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Review: Wild Swans

Wild Swans - Jessica Spotswood

I received a copy from Netgalley.


A very enjoyable, well written coming of age YA novel with a theme of summer and family. Tells the story of 17 year old Ivy Milbourne who lives with her well known and respected in town grandpa. The Milbourne family is an old family which goes back for many generations and has sparked a legacy of brilliant women who all seem to be exceptionally talented and have something heartbreakingly tragic happen to them.


Ivy doesn’t quite know where she fits into this legacy. Her mom left when she was a baby and never came back. Ivy’s tried many different things but can’t seem to find a particular “gift” that she excels at. She’s pretty good at poetry and swimming but not to epic standards. She’s very middle of the road and trying to find a way to make her grandpa proud of her. Her plans for the summer are relaxing and having fun with her friends before senior year starts.


Until her mom shows up again with two younger children – bratty 15 year old Isobel and sweet and innocent 6 year old Gracie. Erica the mother pretty much moves to the top of my list in the Worst YA Parent award. She’s horrible and a gigantic bitch from the moment she appears – even introducing Ivy to her new children as their aunt rather than their older sister. She does of course, have REASONS for this. She’s beyond selfish, she yells, she swears and she drinks like a fish.


The grandfather is a very well respected professor and a calming presence, but can be quite demanding in a not even realising he’s doing it way. Ivy finds herself in the middle of all this drama. She’s got new responsibilities of handling her younger sisters. And to top it all off, the grandad says one of his students will be working with them this summer, transcribing some journals from the Milbourne famous and tragic grandmother who also wrote great poetry and something from her collection is about to be published or commemorated. In comes gorgeous poetry mad Conner. And Ivy falls head over heels.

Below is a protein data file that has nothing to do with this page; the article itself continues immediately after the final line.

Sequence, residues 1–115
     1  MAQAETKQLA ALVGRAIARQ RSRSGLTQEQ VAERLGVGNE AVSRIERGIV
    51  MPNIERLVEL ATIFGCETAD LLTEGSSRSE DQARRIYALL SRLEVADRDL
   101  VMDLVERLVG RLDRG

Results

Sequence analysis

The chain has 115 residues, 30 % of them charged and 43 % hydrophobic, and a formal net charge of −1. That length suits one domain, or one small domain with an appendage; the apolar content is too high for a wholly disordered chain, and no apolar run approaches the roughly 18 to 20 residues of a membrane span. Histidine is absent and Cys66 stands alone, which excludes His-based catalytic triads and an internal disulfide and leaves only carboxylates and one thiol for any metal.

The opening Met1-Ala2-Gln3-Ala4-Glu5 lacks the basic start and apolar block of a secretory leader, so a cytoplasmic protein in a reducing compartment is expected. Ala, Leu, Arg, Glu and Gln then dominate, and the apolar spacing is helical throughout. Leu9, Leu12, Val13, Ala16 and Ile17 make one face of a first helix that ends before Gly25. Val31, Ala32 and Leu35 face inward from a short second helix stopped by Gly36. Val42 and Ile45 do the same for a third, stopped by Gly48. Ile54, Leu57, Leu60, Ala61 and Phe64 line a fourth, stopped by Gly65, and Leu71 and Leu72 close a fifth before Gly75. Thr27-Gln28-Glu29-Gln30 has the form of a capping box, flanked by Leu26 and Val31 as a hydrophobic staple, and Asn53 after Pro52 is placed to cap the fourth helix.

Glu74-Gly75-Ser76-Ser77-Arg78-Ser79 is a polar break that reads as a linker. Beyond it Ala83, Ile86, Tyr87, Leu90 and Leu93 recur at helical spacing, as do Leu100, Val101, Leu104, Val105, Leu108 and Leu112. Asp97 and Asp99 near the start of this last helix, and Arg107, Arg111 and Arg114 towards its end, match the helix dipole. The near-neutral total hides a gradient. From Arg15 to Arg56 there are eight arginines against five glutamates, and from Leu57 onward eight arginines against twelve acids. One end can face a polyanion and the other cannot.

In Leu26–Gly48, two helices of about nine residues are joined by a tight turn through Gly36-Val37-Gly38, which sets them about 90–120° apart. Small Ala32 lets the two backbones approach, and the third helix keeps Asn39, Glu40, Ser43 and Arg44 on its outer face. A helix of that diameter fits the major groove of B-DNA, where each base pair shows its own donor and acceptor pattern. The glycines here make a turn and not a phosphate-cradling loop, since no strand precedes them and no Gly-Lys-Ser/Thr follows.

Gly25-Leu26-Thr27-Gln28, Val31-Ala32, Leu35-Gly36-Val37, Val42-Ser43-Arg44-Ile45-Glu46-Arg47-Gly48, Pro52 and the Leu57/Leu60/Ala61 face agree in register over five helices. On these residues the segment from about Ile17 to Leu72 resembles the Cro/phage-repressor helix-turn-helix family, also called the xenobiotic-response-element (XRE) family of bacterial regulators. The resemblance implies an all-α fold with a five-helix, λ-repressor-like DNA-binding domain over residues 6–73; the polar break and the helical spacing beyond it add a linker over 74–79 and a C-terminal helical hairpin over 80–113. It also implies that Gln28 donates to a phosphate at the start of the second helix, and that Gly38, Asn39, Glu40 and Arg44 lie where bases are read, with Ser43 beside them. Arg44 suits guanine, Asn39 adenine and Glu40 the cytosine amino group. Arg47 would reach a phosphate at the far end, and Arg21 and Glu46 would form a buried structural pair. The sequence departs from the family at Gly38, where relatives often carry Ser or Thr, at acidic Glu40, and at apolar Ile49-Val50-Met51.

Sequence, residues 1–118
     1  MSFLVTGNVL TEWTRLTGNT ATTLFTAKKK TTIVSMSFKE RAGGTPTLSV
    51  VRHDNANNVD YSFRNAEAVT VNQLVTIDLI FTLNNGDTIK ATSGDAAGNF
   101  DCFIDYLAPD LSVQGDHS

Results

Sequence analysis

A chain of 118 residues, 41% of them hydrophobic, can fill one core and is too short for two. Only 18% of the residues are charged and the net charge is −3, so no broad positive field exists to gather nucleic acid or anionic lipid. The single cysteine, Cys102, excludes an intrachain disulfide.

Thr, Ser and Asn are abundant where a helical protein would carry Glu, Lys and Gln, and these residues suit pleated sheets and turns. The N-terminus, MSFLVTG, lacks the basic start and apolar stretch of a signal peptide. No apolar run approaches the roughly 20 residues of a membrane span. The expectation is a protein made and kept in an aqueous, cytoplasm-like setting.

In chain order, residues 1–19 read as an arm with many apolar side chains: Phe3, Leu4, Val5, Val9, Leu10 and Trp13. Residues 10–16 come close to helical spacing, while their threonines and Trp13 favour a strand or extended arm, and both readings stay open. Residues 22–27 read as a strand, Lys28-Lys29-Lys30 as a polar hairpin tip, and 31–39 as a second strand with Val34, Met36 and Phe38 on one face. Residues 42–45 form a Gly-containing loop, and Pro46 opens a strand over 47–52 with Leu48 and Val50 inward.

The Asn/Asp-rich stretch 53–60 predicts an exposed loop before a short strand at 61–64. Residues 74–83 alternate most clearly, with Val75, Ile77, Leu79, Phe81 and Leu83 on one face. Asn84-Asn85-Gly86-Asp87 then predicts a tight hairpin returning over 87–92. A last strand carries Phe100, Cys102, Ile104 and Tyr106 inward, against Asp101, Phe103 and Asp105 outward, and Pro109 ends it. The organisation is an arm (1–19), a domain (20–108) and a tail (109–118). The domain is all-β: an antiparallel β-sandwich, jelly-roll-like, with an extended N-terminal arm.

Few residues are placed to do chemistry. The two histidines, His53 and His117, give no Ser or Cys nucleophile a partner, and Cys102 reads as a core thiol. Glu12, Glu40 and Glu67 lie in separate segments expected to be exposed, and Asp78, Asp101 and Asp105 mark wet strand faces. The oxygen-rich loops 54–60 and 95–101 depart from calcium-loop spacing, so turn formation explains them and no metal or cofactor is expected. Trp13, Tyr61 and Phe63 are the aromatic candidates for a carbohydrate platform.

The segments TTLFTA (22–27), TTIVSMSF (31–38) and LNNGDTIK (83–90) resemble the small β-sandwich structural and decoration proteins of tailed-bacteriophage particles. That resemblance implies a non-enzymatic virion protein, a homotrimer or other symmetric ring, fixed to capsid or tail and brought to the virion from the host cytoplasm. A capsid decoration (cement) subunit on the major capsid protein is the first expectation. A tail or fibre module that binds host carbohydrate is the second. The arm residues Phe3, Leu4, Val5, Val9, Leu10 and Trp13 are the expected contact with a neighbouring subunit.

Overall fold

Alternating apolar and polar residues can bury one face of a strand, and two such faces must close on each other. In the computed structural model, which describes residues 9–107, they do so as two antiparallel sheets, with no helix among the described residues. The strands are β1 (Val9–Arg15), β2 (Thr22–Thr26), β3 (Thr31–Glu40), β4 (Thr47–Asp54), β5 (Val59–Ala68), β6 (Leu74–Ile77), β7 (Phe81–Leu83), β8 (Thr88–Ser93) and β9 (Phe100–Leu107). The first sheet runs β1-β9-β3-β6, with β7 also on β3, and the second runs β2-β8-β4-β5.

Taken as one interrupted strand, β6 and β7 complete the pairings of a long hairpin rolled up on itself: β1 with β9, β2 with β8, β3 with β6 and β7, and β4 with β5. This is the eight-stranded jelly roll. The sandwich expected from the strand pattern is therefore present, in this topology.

It’s very realistic and a beautiful portrayal of growing up in a tiny town with a family legacy to uphold. Ivy shows some remarkable restraint in dealing with all this new drama thrown her way. New sisters to deal with, her struggles to understand her mom and her behaviour and why she left, one of her best friends starts behaving like a total asshole when she starts to get closer to Conner, and then there’s her feelings for him. While all at the same time she’s screaming inwardly and barely seems to know how to handle it all. Ivy shows some remarkable character growth throughout the novel.


The family drama is moving and the arguments which in one terrible incident spill out in public making things all the worse. It can be very uncomfortable to read, the mother’s piss poor attitude towards Ivy and her grandpa particularly.  The siblings find their way towards each other, Gracie is adorable, Isobel is fifteen and away from everything she knows and she acts like a stroppy brat. But even Isobel by the end grows tremendously as a character. Ivy’s romance with Conner is sweet and believable. A tad more insta-lust than insta-love but it’s interesting to see how they work together with the family drama and Ivy’s friends and Connor’s friends and their different circumstances. Very maturely handled.


A very good, very enjoyable read.


Thank you to Netgalley and Sourcefire Books for approving my request to view the title.